Jason Scott Lee & Kathleen Rose Perkins Interview: Doogie Kamealoha, M.D.

Medicine often serves as a pathway to matters of the heart in Doogie Kameāloha, M.D., which premieres on Disney+ September 8. If the new show sounds familiar, that’s because it’s a reboot of the iconic Doogie Howser from the late 80s. Peyton Elizabeth Lee (Andi Mack) stars as Lahela “Doogie” Kameāloha, a wunderkind who must juggle her life as a doctor with her personal life as a teenage girl.

Thankfully she’s got a loving family to help her through it, although that doesn’t come without its own baggage. Her father Benny (Jason Scott Lee, Mulan) is a Hawaiian native who is beloved by the whole town, and he firmly believes in positive vibes even when he worries too much about his little girl. Meanwhile, her mother Claire (Kathleen Rose Perkins, I Am Not Okay With This) is Irish Catholic and still adjusting to life outside Pennsylvania – and to the fact that her daughter is also her employee at the hospital.

Related: Peyton Elizabeth Lee Interview: Doogie Kamealoha, M.D.

Lee and Perkins spoke to Screen Rant about how each of their characters approaches their parenting duties and how the series explores the family bonds at the heart of the story.

Screen Rant: Kathleen, I think the mix of cultures in the show is really interesting. What is your take on Dr. Hannon coming in as almost the outsider here? She’s the one that came to Hawaii, and now she’s raising her kids and working here.

Kathleen Rose Perkins: Yeah, I think she had to have a good sense of humor. She’s got some really strange stuff from her background, as we all do. Pennsylvania has this whole scrapple thing, and it’s the same thing as spam for Hawaii.

But we have to be able to kid each other and tease each other in love, obviously, with much respect – and I think that was a really easy way in when she married Benny. Benny is much loved throughout the entire island, and she kind of rides on his coattails and learns from him on how to be a proper Hawaiian. But she never forgets that she is a transplant, obviously – and what a wonderful place to be a transplant in.

Benny, on the other hand, seems so carefree and ready to give love all the time. How does that translate not only to his marriage but also to his parenting style?

Jason Scott Lee: I think that the kids kind of follow suit. You sort of lead by example, rather than by word. I think that’s Benny’s take: if you’re gonna raise kids with a good attitude or a positive sense of being, it’s good to get into positive things.

I think that’s such a great plus, to be able to show that, as well as supporting that emotion in the family, always having that perspective and putting things in perspective and – and actually having the natural elements around to be able to do that. In other places, maybe it’d be a hike in the woods or something or a walk by the creek. But here, we have the Pacific Ocean, and you have these beautiful mountains and green and temperate climates. So, you can do it just about any time of year.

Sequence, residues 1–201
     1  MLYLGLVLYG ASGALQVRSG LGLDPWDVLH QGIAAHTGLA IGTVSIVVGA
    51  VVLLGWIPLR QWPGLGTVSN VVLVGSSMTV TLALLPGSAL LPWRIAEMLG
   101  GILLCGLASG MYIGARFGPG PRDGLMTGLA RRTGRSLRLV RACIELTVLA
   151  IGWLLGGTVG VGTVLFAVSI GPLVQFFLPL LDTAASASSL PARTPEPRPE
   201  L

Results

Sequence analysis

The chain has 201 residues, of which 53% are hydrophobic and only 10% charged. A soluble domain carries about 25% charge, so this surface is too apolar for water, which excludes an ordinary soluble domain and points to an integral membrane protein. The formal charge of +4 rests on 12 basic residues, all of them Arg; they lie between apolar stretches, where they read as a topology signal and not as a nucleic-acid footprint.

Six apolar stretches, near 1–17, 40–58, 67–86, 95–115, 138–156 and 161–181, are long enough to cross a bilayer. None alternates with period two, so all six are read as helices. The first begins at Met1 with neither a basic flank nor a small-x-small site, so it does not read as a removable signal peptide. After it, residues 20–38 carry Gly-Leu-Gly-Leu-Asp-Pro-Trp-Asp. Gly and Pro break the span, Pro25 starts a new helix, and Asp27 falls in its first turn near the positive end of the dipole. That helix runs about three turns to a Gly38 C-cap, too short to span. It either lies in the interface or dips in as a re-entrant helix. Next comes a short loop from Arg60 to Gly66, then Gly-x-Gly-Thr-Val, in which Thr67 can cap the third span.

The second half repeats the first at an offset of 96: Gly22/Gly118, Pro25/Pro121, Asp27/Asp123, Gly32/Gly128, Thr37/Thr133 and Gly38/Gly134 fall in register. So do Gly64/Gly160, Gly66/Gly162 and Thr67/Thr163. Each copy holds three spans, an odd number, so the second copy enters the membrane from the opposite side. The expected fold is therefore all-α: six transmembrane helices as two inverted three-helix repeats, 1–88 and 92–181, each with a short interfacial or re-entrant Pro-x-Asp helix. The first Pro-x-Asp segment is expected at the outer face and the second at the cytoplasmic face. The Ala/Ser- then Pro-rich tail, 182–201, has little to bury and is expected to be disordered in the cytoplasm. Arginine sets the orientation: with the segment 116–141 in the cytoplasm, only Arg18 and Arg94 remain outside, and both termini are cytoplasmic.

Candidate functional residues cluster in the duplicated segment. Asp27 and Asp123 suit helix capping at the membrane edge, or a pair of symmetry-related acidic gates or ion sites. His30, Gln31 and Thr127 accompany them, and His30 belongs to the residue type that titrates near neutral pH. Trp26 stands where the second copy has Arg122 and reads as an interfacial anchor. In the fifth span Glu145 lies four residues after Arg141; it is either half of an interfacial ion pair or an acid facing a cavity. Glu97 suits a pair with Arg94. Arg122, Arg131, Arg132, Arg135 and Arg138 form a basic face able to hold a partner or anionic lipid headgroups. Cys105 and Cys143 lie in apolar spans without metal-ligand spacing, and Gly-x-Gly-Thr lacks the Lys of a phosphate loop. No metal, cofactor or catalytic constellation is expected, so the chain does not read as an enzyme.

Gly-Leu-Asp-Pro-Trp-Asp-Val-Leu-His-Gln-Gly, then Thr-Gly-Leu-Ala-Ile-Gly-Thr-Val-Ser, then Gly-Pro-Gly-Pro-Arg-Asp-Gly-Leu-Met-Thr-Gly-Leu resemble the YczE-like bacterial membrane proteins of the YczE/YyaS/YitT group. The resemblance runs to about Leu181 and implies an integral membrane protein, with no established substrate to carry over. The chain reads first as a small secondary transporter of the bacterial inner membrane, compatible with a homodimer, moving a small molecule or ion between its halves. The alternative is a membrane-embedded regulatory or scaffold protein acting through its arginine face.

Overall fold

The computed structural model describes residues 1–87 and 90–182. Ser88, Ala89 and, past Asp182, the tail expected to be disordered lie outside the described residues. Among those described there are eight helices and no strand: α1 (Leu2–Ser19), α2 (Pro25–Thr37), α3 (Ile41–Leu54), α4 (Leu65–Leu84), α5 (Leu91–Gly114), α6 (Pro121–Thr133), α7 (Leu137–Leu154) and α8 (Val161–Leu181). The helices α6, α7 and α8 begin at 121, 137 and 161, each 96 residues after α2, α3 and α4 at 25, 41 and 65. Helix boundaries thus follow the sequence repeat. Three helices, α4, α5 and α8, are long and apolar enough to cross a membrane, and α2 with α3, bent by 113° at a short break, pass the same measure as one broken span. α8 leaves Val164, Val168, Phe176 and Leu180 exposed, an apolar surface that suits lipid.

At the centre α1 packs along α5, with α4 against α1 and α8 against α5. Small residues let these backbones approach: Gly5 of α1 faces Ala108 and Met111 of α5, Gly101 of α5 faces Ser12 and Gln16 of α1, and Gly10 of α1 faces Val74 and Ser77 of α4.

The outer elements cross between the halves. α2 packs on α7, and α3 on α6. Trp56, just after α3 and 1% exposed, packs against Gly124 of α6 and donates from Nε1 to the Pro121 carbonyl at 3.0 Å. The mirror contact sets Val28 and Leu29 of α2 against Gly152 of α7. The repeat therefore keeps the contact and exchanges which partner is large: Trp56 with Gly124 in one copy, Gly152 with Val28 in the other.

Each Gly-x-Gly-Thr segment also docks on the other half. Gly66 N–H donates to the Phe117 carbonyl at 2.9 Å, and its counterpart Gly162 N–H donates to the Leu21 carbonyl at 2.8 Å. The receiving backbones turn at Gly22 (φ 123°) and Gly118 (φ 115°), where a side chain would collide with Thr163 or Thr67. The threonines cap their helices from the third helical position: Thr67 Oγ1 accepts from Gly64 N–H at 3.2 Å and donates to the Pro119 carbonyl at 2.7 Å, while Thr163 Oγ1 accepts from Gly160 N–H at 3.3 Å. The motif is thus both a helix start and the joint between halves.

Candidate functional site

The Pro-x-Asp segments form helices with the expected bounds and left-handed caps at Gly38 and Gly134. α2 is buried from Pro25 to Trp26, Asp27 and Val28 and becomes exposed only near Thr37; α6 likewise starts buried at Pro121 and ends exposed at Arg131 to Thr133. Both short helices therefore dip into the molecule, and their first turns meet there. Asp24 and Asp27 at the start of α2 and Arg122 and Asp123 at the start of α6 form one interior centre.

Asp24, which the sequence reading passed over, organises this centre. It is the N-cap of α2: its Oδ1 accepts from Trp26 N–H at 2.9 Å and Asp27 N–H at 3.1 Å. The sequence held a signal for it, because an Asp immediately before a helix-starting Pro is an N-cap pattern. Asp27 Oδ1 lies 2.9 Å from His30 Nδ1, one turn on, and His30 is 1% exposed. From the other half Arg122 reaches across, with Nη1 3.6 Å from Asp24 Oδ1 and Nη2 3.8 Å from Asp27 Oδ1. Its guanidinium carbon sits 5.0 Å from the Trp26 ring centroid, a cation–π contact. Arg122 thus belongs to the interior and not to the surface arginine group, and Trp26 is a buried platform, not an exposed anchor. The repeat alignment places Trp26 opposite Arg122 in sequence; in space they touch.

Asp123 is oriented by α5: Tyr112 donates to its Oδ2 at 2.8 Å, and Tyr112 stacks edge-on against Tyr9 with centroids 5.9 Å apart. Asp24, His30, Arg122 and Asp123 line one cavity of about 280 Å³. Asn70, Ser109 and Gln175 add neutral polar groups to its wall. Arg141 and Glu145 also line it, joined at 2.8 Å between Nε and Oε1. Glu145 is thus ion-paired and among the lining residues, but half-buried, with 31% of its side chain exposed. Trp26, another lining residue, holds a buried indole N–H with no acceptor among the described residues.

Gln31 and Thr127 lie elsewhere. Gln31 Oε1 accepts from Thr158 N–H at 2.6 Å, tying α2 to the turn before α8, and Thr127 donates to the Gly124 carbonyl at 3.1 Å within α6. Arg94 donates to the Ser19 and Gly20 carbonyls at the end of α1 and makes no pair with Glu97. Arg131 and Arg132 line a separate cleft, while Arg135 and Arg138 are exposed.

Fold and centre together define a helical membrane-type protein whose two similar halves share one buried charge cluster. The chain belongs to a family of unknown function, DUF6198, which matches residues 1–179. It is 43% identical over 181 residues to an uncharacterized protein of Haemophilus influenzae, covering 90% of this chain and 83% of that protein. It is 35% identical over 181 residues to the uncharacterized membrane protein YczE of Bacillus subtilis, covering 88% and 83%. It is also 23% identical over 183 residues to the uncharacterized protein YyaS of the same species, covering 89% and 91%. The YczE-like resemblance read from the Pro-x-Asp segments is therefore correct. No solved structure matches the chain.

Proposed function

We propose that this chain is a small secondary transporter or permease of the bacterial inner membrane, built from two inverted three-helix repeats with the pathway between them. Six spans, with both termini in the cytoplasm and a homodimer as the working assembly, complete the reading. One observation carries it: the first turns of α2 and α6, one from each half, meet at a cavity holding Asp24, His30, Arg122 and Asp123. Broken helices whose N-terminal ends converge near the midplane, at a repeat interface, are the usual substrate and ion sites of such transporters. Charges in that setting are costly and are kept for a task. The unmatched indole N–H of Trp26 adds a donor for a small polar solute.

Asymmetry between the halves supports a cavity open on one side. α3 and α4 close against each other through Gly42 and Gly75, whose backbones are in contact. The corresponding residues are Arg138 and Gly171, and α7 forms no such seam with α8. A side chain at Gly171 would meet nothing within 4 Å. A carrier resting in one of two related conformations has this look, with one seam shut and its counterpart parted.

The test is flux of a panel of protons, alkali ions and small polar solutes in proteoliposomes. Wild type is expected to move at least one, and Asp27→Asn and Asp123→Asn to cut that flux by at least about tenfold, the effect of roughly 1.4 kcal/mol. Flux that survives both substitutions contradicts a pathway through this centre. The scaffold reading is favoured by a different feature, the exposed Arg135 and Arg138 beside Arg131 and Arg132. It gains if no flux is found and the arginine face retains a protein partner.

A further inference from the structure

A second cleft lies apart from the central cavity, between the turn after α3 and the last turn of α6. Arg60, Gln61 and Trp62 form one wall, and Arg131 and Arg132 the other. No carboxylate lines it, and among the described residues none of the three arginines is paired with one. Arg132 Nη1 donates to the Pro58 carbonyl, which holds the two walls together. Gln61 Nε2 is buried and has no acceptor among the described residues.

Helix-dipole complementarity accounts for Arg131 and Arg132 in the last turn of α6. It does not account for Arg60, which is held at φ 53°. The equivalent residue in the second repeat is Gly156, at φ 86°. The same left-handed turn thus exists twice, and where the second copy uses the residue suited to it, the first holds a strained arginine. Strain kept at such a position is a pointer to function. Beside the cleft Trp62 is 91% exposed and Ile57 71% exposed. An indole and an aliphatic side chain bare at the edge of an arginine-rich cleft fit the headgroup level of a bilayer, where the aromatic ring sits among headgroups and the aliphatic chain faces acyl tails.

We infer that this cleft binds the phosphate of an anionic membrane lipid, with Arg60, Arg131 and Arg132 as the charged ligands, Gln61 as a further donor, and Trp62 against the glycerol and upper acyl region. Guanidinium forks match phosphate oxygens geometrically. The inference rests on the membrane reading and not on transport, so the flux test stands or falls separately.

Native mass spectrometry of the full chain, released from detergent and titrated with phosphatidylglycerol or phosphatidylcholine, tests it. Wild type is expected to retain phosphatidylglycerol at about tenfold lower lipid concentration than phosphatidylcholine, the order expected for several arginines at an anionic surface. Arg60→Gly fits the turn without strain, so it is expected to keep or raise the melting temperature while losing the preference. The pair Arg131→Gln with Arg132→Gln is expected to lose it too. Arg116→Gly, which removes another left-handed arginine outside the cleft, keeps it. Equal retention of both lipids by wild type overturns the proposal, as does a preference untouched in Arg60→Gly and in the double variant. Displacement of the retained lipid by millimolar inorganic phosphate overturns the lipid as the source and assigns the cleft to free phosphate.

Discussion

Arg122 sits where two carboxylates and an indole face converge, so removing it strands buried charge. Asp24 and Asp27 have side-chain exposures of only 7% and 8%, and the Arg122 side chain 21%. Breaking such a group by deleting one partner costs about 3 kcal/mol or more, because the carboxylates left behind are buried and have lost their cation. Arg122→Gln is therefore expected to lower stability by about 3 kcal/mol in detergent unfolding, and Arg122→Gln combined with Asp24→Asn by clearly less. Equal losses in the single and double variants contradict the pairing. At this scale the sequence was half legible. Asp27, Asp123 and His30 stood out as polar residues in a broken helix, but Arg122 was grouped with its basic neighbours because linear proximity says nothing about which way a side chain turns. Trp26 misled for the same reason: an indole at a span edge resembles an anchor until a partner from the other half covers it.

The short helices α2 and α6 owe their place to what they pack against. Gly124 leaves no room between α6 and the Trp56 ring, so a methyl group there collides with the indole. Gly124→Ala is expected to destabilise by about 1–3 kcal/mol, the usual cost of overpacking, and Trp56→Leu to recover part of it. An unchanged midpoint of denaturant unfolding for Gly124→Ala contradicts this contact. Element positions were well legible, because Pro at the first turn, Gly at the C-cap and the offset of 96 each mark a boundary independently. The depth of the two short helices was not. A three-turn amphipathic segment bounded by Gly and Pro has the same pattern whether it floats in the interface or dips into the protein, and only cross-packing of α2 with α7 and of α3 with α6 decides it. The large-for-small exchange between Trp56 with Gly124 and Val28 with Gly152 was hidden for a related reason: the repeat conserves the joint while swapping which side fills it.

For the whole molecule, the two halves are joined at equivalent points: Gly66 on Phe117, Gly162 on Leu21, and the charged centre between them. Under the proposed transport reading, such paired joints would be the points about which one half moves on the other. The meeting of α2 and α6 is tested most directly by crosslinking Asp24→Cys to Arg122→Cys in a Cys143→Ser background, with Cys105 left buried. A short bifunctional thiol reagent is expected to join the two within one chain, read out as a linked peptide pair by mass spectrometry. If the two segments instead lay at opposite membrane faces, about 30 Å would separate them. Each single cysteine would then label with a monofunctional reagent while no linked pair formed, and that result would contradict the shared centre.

I love that there is a complicated mix of emotions, of good moments and bad moments, with the kids – Lahela especially. Kathleen, can you talk about the clash of working together, but also obviously loving each other?

Kathleen Rose Perkins: Well, that’s the thing. You’re constantly juggling, “What hat am I wearing? Am I being your daughter? Am I being your mother? Am I being your boss? Am I being your colleague?” It’s very confusing, and it definitely keeps both of them on their toes. But I think they’re the type of people who thrive on the hardness of life, or the difficulty, and they just want to fix it. They’re fixers, and they’re doers.

I loved working with Peyton, and I love the relationship that the writers built for these two women because it’s a really complicated one. They’re not just mother-daughter, they’re also colleagues, which is just really special and hard and intricate and complicated. And I loved every minute of playing it because Peyton’s amazing to work with – but also, they wrote this really beautiful relationship between two women that I really loved playing.

The other thing that I love is that we were always a unified front, me and Benny. And there were many times where our children – even though we were teaching them, they taught us a lot of lessons. Throughout the course of the 10 episodes, there were moments where both of our sons and our daughter came to us and were like, “Come on, Mom. Come on, Dad. You’re better than this.”

More: 12 Best Medical Dramas Airing Right Now

Doogie Kameāloha, M.D. premieres September 8 on Disney+.

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